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0 / 75
B A III
r (RHP tfp
i a n
GEO. S. BAKER,
Vrthod ist Church. Itcv. F. L.
Peld, Pastor. Services every Sabbath
at 1 1 A. M. and 7 . 1. M.
Prayer meeting every Wednesday
at 7 I'. M. .
oinnVunion service the Second
Sunday in each month at 11 A. M.
steward's meeting Monday night
after1 the second j abbath in eaeh
Sabbath School every Sabbath at
3 o'c oek i. M.
St. Pauls Episcopal Cnuncir.
He v. E. Dolloway, Retor.
Sericeg on the first and third Sun
day in each month, morning and
Holy Communion monthlyon first
Mniday school every funday morn
luir :it 9 o'clock
!r IT mi
Raleigh & Gaston R. R.
Kaleigh, a. C, June 11th, '72.
On and after Monday June 17th,
IST'2, trains on the Kaloigh fc Gaston
ilailroad, will run daily (Sunday ex
cepted) as follows: J -
Leaves Raleigh .. .
Arrives at Weldon
Leaves Weldon .......... v.lo
Arrives at Kaleigh ....... 3.1K
Leaves Rultegh . . . . . ..... 8.00 p-m.
Arrives at Weldon;..'. . . . 0.20 a. m.
Leaves Weklon. v.iT. . . 0.15 a. m
Arrives at Haleigfi r... . . 8.00 p. m
Mail tram tuakts close connection at
Weldon with the seaboard & R mnoke
Kailioad and 13y Line Steamers via.
Haltimv.re, to and from all points.
North, NVet and Northwest t.mr witU
the Pftersbufg Kailioad vra Petersburg,
1 WushinffJon Citv. to
t nd Hum all points JNoith and North
west. ' .
And at Raleigh with the North Car
olina Kailioad to and Irom.ulL points.
Sou'h and Southwest, and .with the
lUleigh & Augusia Air Line to Hay
wood amt Fay ttte ville.
Acconimooation and Freight trains
contuct at weldon with Accommoda
tion and Freigut trains on Seaboard &
Roanoke Kailioad and Petersburg
Ad1 at Raleigh with Accommoda
tion and freight trains ou .North Care
iua Kaim ad.
Persons living along the hoe of the
road Can visiillaleigh in the morning
by Accommodation train, and remain
a veral hours, aud return the same eve
J. C. WINDER,
SCHEDULE OF THE PETEU3
BURG RAILROAD COMPANY. '
Express Train ..... 8,30 a. m.
lad Train.. 4.15 p. m.
Arrive at Petersburg.
ExprSsT... 12.10 a. m
Mail 8.05 p. m
Mail.. 0.1? a. m.
Arrive at Weldon. .
Mail .......:9 30 a. m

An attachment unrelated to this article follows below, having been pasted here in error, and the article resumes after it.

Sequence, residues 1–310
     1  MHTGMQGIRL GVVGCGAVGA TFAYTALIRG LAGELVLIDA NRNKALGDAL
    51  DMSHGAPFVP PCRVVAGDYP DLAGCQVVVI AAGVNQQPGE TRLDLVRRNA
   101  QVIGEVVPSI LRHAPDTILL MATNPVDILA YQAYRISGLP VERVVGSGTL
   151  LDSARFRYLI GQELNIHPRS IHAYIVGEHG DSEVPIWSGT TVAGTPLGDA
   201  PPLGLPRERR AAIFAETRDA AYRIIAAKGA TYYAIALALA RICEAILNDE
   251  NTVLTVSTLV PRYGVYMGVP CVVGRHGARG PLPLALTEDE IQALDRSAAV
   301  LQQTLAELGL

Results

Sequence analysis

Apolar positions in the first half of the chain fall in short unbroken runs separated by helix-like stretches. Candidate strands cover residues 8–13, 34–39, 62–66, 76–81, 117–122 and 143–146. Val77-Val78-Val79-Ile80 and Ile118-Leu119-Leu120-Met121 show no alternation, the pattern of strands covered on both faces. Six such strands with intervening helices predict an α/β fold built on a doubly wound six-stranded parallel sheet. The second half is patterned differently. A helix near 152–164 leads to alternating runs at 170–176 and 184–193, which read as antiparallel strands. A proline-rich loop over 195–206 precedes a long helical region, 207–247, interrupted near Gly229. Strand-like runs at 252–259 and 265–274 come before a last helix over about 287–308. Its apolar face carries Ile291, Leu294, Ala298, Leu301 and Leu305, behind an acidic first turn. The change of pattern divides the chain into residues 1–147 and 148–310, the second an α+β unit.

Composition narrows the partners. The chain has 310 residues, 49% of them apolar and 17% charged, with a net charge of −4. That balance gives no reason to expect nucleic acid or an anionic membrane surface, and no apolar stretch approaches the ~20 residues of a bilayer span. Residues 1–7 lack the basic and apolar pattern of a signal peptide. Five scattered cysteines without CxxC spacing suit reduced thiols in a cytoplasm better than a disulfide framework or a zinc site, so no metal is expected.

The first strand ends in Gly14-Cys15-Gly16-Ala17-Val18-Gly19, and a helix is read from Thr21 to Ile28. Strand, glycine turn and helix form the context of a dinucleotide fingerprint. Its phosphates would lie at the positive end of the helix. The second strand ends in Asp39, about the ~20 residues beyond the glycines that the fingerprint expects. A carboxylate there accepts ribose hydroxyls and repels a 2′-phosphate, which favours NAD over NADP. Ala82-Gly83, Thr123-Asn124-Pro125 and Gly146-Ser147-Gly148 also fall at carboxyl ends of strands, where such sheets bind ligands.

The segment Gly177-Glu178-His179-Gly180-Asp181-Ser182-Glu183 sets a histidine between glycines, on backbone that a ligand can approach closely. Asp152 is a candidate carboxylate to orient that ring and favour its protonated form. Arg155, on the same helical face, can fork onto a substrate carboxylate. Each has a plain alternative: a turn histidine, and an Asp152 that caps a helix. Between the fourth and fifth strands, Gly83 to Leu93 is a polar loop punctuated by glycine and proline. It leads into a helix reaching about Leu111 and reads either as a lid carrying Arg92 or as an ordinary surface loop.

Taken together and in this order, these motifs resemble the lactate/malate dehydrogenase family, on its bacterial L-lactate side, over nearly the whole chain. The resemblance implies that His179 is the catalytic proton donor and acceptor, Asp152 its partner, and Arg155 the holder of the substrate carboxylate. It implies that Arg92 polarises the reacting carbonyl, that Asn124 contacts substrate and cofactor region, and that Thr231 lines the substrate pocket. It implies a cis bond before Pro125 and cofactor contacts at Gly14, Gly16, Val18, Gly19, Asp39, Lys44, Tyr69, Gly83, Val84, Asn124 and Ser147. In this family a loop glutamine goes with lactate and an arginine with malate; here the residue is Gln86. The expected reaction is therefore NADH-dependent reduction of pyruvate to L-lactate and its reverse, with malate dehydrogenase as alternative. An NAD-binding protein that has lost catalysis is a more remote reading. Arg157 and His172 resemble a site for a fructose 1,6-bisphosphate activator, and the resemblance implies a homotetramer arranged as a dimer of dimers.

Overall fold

Express. . ......... . . 7.00 p. m
Leave Petersburg. . ...... 9.00 p. tn.
Leave Weldon 8.30 p. m.
Arrive at Weldon... 5,00 a. m.
Arrive at Petersburg.... 4.00 a. m.
Leave Petersburg. ...... 6:23 a. m.
Leave Gaston... ........ 1.15 p. m.
Arrive at Gaston... ,....13 30 p.m.
Arrive at Petersburg .... 7.00 p. m.
Freights for Gaston BraDch will be
received at the Petersburg depot only
i:u MONDAYS and THURSDAYS.
The depot will be closed at 4:00 p.m.
!1o iroods will received alter that hour.
II. T. DOUGLASS,
Editor and Proprietor.
L0U1SBURG, N. C,
He died prime-minister at the
age of eighty-one, on the 18th of
October,- 1865. "The half-open
cabinentbox on his table and the
unfinished letter on ) his desk tcsti
fied that he was at his post to the
last." And so he died the last of
p, Uly nasty of great statesmen. A
thorough Englishman, both in taste
and temper, he made his country
men proud of him, because he was
proud of his country. He believed
in England as the best and great
est country in the world. During
his long administration of the
Foreign Ufficc, ho steadily adhered
to the principle of insisting against
all powers ..great orsmalHoii,the. i
rights of England. He' did not be
lievcin the modern doctrine of non
intervention or selfish isolation.
He always vindicated the authority
of the English name, ai:d believed
that a reputation for strength and
spirit was necessary to a great na
tion. But he had no love for war
and for many years, in the midst of
extraordinary difficulties, he pre